Local officer volunteers at rec center

Local officer  volunteers at rec center
February 08
04:00 2018

Tanya Purdie has been an officer with the Winston-Salem Police Department (WSPD) for nearly nine years.  Officer Purdie not only has a heart to serve her community but she also enjoys giving back to children by coaching the Sedge Garden Panthers in the Elite League at W.R. Anderson Community Center.

The Fayetteville native is a graduate of Winston-Salem State University (WSSU).  She says she initially went to school to become a lawyer but after having a child in her sophomore year, her priorities changed.

As graduation from WSSU approached, she thought of a way to make a living while also staying close to her original idea of becoming a lawyer.  She says the thought of becoming a police officer just stood out.

While attending WSSU she volunteered regularly at W.R. Anderson because of freshman requirements.  She enjoyed her time at the center so much she has been there ever since.

“I volunteered at the rec during my freshman year and I just never left,” she said.  “I have been there since I have been 18 and I enjoy every minute of it.”

This is the first year Purdie has coached in the Elite League at the rec center.  She says W.R. Anderson Senior Supervisor Bryant McCorkle reached out to her and she was glad to participate.  Even with a young family, a full-time job and going to school, she still finds the time to coach.  She is one of only three female head coaches at the center.

“Coaching is still in the realm of volunteering, you know,” said Purdie.  “No one is getting paid for it and I always thought I could coach, so now I am just gonna try my hand at it.”

Purdie says she has always enjoyed sports since she was a child.  She played basketball throughout high school but gave up her dream once she graduated.  As an adult she has also led young ladies with skill development training, so coaching was always on the radar.

She says her 11 and under team is going through some tough times right now.  With this being a new team along with the deep competition at the rec center, it will take some time to bring everyone together.

“William R. Anderson has a tough league with all of the competition this year,” she continued.  “This is basically a brand new team that I am coaching and some kids on my team have never played basketball before.”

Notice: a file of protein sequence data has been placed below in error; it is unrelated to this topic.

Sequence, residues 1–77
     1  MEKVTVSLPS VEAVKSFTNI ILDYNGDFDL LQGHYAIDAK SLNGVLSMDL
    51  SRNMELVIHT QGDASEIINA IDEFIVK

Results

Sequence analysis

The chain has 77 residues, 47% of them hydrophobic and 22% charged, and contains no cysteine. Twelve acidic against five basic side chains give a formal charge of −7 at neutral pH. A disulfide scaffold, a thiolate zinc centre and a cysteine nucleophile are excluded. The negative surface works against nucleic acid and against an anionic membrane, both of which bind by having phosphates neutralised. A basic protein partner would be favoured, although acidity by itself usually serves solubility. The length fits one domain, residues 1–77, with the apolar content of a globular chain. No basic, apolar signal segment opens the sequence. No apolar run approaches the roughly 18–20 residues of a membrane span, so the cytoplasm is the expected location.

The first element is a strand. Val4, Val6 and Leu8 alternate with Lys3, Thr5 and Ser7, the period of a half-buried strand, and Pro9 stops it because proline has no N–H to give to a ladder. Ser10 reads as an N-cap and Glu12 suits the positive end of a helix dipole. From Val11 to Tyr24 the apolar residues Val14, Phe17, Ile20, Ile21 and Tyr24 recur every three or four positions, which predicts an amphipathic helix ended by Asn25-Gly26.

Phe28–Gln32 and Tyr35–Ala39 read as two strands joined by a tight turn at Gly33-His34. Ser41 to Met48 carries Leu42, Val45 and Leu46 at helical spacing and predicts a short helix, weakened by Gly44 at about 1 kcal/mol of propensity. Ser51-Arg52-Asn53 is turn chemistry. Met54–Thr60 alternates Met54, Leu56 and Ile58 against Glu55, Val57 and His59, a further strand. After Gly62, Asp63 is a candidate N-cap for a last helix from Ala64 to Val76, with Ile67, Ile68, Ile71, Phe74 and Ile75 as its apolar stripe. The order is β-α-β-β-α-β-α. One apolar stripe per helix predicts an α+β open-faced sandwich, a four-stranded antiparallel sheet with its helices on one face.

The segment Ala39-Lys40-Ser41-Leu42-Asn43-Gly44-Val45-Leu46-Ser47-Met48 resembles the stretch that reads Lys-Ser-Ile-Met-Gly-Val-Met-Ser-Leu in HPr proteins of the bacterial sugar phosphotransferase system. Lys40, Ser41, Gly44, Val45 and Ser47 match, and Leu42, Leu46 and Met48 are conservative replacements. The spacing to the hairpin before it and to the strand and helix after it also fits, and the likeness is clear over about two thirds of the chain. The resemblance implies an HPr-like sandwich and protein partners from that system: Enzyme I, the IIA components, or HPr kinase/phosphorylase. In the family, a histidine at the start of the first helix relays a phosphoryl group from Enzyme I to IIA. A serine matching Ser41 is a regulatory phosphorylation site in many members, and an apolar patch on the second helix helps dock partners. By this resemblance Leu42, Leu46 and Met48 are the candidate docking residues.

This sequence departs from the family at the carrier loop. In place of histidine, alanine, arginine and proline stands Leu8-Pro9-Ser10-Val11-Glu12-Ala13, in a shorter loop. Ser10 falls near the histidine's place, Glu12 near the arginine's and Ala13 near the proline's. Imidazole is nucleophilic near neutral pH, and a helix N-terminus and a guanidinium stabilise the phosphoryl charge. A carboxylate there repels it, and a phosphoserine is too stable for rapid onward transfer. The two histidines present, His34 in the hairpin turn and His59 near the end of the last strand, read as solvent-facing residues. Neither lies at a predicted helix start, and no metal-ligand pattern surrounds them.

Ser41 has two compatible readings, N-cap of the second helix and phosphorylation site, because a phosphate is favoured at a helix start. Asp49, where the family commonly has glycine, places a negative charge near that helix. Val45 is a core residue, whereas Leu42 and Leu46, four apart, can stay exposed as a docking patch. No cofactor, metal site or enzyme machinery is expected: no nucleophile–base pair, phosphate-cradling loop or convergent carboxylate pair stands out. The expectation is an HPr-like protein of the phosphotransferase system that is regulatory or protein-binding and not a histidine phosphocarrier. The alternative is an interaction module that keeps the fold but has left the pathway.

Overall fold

For Purdie she says she would love to win every time they step out onto the court.  She realizes the most important thing is to make sure her kids are learning every time they practice or play a game.

“I did not realize how emotionally invested you become doing something like coaching,” Purdie said.  “At first my goal was to go out there and win every game but that wasn’t a realistic goal because of the hurdles we  had to go over.”

Purdie says the parents of her players have been very helpful in her first season as coach.  Since many of them have been around the league for years they have been instrumental with helping her along the way.

Over the years in the WSPD Purdie has worked in many areas of the department.  Her time as an SRO (Student Resource Officer) at the high school level has helped her with relating to her kids on the team.

“I can’t be how I am on the streets with how I deal with the children here at the center,” she said.  “I consider myself to be pretty young and I have children around the same age so it is a little bit easier for them to relate to me.”

Purdie says the season has not totally gone the way she initially expected, but she has noticed the kids have gotten better.  She says her plans are to continue to coach at the center for years to come.

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Timothy Ramsey

Timothy Ramsey

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